Not an inviting place for a walk in the park

Norman Benton, 72, fondly remembers his childhood days of fishing and swimming in Fort Armistead Park, a 45-acre area on the Baltimore City-Anne Arundel line named after a local War of 1812 commander. The Hanover resident thinks the fort is "beautiful."

Del. Joan Cadden recalls that she went there every year as a child for Easter egg hunts or to watch ships cruise by on their way into Baltimore harbor. The park used to have a playground, the Brooklyn Park Democrat says, and the fort's underground tunnels were a great attraction for teens, who would explore the dark areas in groups.


But these days, Fort Armistead Park isn't a place for family fun. Abandoned cats overrun the area, graffiti and garbage cover the grounds and rumors abound about drug use and sexual activity there. Even the entrance sign is marred with graffiti.

The park may be in Baltimore, but Anne Arundel County residents are pushing for its cleanup.


Lying in the shadow of the Key Bridge near Interstate 695, the park is in need of a makeover, county residents say. A small group of mostly Pasadena area residents has been attempting to clean up the area, but their limited numbers and a little help from the city haven't been enough to make a difference.

"In three years, we've made no progress," said Claudia Lescalleette of Pasadena. "We don't have the resources and the knowledge and experience to handle what's going on down there."

The park is not a welcoming site. The two-level, sunken, concrete fort is secluded by trees. With that cover and the underground tunnels, it's an ideal location for questionable behavior, area residents say.

The sun never sees the fort's below-ground chambers, which are covered in graffiti and littered with condom boxes and aerosol cans. Its beach is an eyesore -- beer cans, broken glass and other garbage spoil the sandy area.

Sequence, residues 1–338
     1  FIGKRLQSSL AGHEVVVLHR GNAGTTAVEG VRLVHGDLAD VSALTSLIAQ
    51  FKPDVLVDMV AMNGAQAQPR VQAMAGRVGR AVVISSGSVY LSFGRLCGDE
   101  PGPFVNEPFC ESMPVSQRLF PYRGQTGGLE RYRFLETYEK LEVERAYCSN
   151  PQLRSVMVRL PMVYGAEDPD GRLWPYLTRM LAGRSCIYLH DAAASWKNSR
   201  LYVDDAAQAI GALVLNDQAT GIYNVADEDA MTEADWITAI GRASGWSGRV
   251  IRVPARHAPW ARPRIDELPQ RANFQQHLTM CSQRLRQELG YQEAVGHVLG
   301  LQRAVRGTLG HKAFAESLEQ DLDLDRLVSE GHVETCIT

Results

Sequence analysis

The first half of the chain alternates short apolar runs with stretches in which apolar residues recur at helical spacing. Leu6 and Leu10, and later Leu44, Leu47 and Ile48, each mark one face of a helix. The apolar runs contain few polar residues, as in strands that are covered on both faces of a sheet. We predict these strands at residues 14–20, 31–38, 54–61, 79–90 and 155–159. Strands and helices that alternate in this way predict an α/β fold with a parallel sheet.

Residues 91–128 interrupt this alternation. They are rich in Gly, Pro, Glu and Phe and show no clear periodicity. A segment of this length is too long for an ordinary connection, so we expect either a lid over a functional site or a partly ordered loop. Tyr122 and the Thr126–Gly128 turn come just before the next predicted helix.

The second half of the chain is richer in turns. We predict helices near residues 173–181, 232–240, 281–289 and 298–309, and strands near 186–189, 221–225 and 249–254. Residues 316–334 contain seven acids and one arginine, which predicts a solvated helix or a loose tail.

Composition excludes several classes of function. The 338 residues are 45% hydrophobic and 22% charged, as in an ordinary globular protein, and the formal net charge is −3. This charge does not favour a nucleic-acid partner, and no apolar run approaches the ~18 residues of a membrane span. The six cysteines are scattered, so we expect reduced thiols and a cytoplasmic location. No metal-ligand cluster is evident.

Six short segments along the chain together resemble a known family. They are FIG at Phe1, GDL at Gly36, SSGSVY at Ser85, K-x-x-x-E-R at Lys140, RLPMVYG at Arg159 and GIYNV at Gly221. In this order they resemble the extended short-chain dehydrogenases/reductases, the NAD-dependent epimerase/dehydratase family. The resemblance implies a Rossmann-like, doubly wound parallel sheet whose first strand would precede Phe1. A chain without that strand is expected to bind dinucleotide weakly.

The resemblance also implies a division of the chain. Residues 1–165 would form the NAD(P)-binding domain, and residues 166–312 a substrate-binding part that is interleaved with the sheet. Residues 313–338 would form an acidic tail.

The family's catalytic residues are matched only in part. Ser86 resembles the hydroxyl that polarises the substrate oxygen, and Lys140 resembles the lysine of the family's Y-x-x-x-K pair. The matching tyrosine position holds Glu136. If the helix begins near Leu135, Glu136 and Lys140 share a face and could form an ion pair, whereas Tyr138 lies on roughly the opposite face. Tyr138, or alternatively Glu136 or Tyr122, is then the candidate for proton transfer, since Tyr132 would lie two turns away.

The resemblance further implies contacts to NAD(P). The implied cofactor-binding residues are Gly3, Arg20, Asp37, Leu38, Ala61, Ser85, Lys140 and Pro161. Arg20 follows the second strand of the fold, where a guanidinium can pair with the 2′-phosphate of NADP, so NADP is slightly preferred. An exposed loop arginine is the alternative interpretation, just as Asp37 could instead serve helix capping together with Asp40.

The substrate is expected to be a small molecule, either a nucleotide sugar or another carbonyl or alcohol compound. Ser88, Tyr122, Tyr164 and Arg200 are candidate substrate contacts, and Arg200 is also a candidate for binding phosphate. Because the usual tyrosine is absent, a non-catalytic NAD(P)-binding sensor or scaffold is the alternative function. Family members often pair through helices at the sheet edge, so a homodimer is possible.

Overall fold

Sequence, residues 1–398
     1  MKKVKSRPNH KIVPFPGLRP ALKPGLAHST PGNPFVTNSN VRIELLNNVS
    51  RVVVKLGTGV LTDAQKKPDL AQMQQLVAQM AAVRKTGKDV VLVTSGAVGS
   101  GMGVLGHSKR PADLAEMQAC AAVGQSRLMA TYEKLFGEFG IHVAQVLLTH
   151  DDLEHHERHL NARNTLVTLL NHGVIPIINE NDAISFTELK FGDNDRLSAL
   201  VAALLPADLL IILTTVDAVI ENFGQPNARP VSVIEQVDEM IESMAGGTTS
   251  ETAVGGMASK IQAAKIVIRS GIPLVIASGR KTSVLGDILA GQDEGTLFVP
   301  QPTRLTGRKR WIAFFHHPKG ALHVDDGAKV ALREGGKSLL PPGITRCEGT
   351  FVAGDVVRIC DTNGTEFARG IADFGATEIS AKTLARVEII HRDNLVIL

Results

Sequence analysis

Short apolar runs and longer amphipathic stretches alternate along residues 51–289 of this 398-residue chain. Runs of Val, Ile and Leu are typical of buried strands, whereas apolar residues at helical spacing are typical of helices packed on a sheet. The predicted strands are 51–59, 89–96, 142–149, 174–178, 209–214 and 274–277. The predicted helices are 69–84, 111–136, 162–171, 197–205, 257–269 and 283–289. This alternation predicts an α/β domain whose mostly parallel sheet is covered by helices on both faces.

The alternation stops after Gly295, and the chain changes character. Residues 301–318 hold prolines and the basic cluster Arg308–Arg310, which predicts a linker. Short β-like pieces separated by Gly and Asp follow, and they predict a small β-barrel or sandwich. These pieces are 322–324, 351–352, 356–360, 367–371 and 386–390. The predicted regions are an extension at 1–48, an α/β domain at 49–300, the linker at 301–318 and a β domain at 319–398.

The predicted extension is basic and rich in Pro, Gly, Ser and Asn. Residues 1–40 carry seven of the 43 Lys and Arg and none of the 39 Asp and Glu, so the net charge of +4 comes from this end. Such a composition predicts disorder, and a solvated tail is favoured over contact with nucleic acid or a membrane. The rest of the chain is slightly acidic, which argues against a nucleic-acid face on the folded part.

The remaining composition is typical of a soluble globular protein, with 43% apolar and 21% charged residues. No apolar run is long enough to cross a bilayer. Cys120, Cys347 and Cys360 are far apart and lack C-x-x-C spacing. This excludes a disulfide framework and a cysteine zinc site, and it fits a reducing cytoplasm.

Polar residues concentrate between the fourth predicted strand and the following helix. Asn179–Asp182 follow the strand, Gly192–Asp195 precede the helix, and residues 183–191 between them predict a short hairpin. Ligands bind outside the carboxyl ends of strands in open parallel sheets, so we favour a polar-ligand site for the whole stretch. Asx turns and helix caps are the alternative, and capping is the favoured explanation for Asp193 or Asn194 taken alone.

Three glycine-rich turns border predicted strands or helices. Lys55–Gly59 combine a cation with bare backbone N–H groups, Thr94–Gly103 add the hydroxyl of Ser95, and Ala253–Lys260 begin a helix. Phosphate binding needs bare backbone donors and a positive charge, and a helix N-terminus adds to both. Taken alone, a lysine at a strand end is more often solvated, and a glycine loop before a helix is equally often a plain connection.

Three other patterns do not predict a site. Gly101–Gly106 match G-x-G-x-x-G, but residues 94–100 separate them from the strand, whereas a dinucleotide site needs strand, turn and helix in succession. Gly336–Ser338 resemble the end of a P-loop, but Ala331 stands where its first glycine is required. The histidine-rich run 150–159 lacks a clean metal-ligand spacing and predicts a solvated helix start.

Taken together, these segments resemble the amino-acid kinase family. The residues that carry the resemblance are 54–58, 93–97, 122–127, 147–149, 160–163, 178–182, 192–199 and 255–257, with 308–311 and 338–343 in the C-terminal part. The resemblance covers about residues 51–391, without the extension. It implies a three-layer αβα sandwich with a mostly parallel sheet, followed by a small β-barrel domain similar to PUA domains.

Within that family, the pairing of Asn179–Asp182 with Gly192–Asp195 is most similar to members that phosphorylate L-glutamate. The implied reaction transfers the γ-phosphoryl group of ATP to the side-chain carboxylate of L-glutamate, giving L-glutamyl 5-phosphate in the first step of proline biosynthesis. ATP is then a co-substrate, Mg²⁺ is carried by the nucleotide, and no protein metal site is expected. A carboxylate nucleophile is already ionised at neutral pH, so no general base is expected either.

"There's too many unsavory characters and the park is in such disrepair, you drive in there and you're just scared away," Cadden said.

But a handful of residents have braved the park's conditions to work on improving it.

Armed with jugs of water and buckets of cat food, Lescalleette tries to care for the cats that have been abandoned at the park, while animal-control officials attempt to remove them.

Lescalleette estimates that at least 30 cats are living in the park and that she and other residents have rescued more than 300 during the past three years, taking them to shelters or rescue groups.


Some of their discoveries have been gruesome. They've found animal carcasses, cats with their legs bound together and cats choking because they've outgrown their collars. The effort to save the cats has exhausted Lescalleette emotionally and financially.

"Something has got to be done," Lescalleette said. "As bad as I want to walk away, I just can't leave all those lives down there."

Baltimore's Bureau of Animal Control has been addressing the problem for years by humanely trapping the cats and removing cat shelters and food dishes that good Samaritans have left there, said Robert Anderson, director of animal control. Other city parks have cat colonies, but Fort Armistead Park fills the fastest because it's a secluded park that doesn't attract large numbers of visitors, he said.